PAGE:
The English teaching I am doing is becoming increasingly boring. Last week, in one class I went berserk and smashed my stick on a table. This is the third stick I have broken in three months. I called for a senior teacher and he came along and shouted at them. The kids are not disruptive but more inattentive and chatty. Sometimes it is impossible to get their collective attention and sometimes I just despair – especially after a long day. It doesn’t help that I rant and shout as Koreans find such displays of emotive behaviour unpleasant and deem it to be a loss of self control – which of course it is.
Fridays are a drag as I teach in another kindergarten and have no time for lunch. There are days when I observe something that I realise gives me a greater understanding of the Korean psyche. In the kindergarten, when I pass out a handout, the kids all gather around me. There is rarely any pushing, they just stand passively in front of you with both hands extended and wait for you to place the handout directly into their hands. One day, I was watching two boys who came into the PC bang (room). They were eating an ice-cream which consists of a plastic ball, a little larger than a snooker ball, with a built in straw. Both of them just stood in the middle of the room, passively sucking. They sucked in a way so totally different from how children might suck or eat an ice-cream in the West, without the greed and voracious consumerism. If there is one thing I am learning about my culture, it is how vulgar, greedy and selfish it is. English kids are always on the want, they are always squabbling over possessions and in particular, over food. In six months of teaching in Korea, I haven’t once seen a fight or seen one child strike another. In my kindergarten class last week, which is held in a small school situated in an apartment complex, the Korean teacher left the room briefly. Suddenly fifteen or so little children converged on me eager to stroke the hair on my arms, which fascinates them. Some wanted to stroke my hair, a few wanted to pat my belly. Korean children can be quite beautiful in both features and mannerisms.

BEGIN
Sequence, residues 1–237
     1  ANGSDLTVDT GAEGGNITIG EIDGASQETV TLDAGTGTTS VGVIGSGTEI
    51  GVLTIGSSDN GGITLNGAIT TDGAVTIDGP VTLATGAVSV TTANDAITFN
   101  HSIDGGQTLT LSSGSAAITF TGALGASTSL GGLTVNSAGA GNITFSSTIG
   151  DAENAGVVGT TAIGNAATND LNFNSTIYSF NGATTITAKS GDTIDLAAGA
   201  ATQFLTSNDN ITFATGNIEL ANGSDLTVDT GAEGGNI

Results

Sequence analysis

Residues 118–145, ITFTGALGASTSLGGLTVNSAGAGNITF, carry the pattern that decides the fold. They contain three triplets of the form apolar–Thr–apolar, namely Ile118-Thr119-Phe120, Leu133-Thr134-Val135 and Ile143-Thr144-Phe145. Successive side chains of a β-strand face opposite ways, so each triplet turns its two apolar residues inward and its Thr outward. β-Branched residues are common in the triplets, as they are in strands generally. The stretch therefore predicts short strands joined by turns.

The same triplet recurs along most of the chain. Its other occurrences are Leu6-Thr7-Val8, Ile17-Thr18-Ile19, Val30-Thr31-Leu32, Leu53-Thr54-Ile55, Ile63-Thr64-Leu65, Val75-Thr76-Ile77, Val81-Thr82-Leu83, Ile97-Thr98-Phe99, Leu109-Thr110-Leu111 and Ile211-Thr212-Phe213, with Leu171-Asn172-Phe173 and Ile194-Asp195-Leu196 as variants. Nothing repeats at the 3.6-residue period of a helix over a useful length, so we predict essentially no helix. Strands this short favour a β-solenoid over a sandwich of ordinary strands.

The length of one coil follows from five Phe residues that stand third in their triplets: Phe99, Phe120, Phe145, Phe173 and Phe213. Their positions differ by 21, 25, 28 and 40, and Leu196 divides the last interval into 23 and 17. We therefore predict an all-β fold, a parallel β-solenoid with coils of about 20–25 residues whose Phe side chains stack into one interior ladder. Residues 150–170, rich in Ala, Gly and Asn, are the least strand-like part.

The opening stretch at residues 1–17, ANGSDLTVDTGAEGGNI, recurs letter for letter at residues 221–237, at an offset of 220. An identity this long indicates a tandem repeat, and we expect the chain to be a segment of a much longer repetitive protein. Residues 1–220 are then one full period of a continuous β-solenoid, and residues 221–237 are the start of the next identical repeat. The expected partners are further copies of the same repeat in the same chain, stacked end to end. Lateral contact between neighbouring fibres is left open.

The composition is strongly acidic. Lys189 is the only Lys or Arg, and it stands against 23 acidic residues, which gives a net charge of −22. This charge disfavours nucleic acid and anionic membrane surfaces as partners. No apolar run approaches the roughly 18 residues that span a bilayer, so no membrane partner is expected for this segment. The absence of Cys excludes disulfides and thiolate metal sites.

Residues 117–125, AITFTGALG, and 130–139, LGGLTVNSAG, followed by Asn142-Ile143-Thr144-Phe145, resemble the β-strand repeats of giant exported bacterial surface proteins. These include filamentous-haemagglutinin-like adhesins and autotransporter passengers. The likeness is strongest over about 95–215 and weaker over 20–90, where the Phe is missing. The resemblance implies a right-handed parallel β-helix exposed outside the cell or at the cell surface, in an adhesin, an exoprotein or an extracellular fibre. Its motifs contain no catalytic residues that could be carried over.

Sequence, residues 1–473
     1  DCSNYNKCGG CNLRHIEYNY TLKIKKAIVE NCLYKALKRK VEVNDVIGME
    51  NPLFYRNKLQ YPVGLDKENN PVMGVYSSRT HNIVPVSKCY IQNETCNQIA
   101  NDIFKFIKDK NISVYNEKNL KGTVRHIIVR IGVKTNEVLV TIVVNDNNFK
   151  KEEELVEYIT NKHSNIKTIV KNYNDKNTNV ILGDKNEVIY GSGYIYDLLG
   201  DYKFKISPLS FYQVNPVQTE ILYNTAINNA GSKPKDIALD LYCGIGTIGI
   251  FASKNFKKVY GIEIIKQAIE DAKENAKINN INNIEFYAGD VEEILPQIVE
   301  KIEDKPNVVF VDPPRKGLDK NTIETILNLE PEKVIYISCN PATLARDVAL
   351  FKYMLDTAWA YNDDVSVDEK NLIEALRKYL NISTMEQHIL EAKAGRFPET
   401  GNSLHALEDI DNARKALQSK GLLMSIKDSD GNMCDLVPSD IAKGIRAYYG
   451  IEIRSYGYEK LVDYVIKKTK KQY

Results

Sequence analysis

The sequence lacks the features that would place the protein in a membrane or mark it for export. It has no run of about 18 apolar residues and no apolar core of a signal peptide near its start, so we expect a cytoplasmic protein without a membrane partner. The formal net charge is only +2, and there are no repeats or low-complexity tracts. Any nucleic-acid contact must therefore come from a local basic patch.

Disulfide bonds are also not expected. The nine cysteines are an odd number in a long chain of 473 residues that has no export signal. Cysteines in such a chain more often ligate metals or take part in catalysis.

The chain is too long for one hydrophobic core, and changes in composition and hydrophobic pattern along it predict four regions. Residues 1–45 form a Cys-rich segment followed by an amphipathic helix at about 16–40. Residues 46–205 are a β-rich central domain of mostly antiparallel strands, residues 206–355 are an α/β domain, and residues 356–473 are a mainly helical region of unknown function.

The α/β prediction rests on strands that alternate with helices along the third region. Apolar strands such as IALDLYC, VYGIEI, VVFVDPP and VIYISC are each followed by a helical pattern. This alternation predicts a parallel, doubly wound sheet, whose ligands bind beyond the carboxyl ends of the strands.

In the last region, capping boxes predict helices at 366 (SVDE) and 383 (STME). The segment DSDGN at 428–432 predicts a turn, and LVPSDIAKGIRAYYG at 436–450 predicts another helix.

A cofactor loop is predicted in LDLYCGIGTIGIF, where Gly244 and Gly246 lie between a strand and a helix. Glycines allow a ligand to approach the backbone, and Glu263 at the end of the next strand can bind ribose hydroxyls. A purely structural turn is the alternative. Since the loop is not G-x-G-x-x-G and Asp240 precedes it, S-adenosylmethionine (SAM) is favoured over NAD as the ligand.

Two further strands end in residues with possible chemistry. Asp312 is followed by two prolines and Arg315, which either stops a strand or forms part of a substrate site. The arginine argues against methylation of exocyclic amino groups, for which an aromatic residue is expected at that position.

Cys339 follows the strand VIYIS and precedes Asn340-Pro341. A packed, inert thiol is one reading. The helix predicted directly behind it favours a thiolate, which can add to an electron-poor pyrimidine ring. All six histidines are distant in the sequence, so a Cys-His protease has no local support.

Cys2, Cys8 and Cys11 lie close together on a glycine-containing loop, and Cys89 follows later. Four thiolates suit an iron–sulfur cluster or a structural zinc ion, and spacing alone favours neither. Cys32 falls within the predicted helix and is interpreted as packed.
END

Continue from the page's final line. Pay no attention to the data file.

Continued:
After a hideous class at Di Dim Dol, I went and sat at the table Nana and I share outside Joe’s office. Lisa was there for her afternoon class. I started moaning about my lesson and she immediately started complaining loudly.
“Korean children have no manners. They’re rude, ignorant, and need training.” I almost told her to shut-up.
“No! They’re not rude!” I replied. ‘They are usually well mannered, polite and very gentle. Yes’ they run around between classes and don’t recognise your personal space but that’s cultural.”
The other day she told me how she has this tone of voice she reserves for ‘foreigners!’ She then went on to say she had a ‘men-sahib’ attitude towards Koreans which confirmed my suspicions about her having a colonial attitude.
On Friday it snowed heavily for most of the morning and suddenly it has turned cold and wintry. In the evening Ryo Hyu-sun took me for a meal, we had pork barbecue and a few bowls of dong dong ju (동동주) after which we went for a walk in a nearby park. The cheery blossom and lilac are in full blossom despite the cold recess.